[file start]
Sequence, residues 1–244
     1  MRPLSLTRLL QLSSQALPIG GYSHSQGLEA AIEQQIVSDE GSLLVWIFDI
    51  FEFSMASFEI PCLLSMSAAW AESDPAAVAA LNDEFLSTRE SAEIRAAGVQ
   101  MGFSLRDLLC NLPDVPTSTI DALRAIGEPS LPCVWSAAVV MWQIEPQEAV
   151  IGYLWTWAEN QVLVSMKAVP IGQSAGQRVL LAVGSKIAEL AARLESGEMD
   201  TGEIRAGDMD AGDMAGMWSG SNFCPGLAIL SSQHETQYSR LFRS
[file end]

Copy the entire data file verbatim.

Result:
Sequence, residues 1–244
     1  MRPLSLTRLL QLSSQALPIG GYSHSQGLEA AIEQQIVSDE GSLLVWIFDI
    51  FEFSMASFEI PCLLSMSAAW AESDPAAVAA LNDEFLSTRE SAEIRAAGVQ
   101  MGFSLRDLLC NLPDVPTSTI DALRAIGEPS LPCVWSAAVV MWQIEPQEAV
   151  IGYLWTWAEN QVLVSMKAVP IGQSAGQRVL LAVGSKIAEL AARLESGEMD
   201  TGEIRAGDMD AGDMAGMWSG SNFCPGLAIL SSQHETQYSR LFRS